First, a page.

The faith’s most famous convert – Saul became St. Paul
During the Pauline Year (June 29, 2008-June 29, 2009) that celebrates the 2,000th anniversary of Paul’s birth, many have been getting to know this “giant of the faith” and our greatest missionary ever. It is already a grace for me!
Like most people, occasionally something comes to me out of the blue – drops like a ton of bricks – and I learn something I’ve sort of known all along. I’ve celebrated the Conversion of St. Paul every Jan. 25. I was ordained a bishop on that day. All these years, my focus was on Saul’s conversion to the Risen Christ who appeared to him and spoke to him on the road to Damascus. In this Pauline Year, I’ve been reflecting on the three accounts of the conversion in Acts and in Paul’s Letter to the Galatians. One day, it dawned on me that I had missed a basic truth – something so obvious that I had taken it for granted: Yes, Saul joined the Risen Christ, but he also joined the church! The inseparable union between Christ and his body, the church, is clear from Christ’s own words. When Saul, who had persecuted the church in Jerusalem and Judea, heard the voice of Jesus on the road to Damascus, the voice said, “I am Jesus, whom you are persecuting.” Saul, who had already encountered Jesus in the Christian communities he had persecuted, immediately entered them in Dmascus, and went on to establish many more churches across the Roman Empire. Paul’s life and teachings were shaped by these words of Jesus. Several decades after his conversion, in 56 A.D., he wrote to the church at Corinth and used the image of the body to explain the union of Christ and church. He summed it up in Chapter 12, verse 27: “Now you are Christ’s body, and individually parts of it.” When Saul joined Jesus, Saul joined the church!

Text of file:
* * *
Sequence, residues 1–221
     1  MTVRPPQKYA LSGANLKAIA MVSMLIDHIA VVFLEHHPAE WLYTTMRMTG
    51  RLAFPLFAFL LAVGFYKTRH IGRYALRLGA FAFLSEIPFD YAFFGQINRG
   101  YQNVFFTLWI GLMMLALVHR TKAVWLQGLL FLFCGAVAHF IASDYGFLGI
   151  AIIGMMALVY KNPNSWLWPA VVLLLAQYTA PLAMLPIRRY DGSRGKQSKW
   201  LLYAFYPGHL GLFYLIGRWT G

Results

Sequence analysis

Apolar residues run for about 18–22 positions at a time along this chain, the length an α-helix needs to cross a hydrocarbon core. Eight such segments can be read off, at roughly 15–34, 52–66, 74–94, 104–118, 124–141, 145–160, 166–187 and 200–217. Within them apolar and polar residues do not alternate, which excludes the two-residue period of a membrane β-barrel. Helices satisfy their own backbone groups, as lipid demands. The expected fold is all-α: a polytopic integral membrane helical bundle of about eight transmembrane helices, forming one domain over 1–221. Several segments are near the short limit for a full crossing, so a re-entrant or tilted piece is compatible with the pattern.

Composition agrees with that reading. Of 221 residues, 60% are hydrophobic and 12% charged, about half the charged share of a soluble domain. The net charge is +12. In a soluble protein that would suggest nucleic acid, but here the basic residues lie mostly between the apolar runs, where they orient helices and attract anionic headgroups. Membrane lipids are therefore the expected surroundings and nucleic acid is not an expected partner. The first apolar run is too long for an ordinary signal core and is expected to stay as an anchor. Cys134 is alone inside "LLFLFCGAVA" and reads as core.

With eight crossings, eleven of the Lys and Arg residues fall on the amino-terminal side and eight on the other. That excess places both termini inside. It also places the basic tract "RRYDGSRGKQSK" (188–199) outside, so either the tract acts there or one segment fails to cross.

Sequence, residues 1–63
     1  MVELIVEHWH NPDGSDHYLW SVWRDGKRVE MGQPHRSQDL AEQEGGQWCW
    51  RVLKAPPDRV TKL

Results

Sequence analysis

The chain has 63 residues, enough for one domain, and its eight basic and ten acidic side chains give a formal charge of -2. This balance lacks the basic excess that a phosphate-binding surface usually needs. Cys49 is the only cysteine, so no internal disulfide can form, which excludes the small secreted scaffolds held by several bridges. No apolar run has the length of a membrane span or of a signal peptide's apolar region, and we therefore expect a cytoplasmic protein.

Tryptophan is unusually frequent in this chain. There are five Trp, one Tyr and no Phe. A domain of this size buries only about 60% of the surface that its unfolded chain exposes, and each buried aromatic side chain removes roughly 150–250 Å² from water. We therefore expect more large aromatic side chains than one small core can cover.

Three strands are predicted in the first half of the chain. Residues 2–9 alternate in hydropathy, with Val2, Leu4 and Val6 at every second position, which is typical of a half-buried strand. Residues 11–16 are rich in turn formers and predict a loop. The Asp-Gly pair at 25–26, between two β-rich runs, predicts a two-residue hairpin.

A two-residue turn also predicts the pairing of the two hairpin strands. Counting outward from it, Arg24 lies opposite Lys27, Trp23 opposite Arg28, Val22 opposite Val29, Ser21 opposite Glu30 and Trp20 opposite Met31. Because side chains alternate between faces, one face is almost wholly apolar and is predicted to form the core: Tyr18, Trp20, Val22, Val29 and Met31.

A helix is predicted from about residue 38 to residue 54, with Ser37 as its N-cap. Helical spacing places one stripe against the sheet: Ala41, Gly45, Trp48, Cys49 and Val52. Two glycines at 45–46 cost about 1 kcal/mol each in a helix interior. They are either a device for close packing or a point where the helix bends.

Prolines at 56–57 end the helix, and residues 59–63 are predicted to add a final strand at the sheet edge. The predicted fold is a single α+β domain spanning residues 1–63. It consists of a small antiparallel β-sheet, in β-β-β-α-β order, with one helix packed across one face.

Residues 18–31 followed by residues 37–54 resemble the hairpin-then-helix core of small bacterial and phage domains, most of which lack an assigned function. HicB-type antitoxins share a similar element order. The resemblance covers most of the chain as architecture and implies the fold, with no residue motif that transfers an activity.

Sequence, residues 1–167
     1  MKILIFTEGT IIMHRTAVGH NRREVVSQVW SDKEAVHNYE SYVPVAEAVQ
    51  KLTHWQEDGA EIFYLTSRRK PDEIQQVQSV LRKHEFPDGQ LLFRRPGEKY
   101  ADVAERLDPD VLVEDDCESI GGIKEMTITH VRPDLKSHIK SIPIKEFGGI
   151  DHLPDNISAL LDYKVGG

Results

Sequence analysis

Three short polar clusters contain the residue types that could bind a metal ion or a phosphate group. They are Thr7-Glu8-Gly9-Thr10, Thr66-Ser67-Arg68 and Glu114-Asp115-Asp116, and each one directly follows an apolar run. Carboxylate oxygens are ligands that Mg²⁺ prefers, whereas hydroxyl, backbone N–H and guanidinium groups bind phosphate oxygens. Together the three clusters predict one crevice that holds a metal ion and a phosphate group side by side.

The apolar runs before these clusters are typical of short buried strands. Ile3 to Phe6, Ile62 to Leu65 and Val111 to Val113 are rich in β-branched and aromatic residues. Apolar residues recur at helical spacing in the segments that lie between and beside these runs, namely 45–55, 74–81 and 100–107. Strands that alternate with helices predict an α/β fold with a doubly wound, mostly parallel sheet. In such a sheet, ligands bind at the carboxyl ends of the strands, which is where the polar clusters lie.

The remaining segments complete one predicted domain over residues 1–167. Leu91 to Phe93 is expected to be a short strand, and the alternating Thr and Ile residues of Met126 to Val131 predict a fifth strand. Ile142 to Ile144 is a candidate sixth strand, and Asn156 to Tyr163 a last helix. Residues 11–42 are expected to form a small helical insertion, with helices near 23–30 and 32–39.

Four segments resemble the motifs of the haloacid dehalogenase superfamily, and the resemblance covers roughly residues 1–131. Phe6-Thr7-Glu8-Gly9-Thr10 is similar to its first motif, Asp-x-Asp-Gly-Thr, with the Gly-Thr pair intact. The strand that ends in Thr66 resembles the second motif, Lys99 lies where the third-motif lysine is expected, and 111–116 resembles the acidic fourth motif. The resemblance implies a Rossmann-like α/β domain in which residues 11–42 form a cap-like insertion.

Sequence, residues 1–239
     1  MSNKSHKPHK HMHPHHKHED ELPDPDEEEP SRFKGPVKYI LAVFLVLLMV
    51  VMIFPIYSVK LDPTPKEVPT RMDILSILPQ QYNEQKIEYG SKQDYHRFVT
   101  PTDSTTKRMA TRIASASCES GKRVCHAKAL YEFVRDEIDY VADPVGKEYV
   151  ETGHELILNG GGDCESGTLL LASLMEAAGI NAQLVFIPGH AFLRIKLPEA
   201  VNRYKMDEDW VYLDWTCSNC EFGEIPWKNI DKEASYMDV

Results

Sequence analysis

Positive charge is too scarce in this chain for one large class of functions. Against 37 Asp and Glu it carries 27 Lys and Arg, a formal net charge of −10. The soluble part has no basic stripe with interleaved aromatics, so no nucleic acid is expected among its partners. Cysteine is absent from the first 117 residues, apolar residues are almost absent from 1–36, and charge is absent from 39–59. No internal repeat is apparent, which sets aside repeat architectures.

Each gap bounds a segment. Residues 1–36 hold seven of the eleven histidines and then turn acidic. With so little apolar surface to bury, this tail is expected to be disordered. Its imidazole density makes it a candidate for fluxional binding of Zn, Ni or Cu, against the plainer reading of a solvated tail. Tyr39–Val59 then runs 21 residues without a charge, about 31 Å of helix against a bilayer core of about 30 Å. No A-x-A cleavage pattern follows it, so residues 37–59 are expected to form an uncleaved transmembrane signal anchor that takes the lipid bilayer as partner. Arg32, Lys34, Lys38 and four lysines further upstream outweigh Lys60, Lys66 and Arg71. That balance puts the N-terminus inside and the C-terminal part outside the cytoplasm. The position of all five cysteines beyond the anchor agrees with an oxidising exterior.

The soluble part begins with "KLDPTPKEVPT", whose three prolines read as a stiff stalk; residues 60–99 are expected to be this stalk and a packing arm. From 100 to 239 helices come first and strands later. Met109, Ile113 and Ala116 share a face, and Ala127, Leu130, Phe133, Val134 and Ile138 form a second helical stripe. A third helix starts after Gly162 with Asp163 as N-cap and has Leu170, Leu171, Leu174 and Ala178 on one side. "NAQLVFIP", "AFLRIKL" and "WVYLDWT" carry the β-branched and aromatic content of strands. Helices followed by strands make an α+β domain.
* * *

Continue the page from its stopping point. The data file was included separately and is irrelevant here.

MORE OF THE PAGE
Bishop Carl F. Mengeling is the retired bishop of the Diocese of Lansing.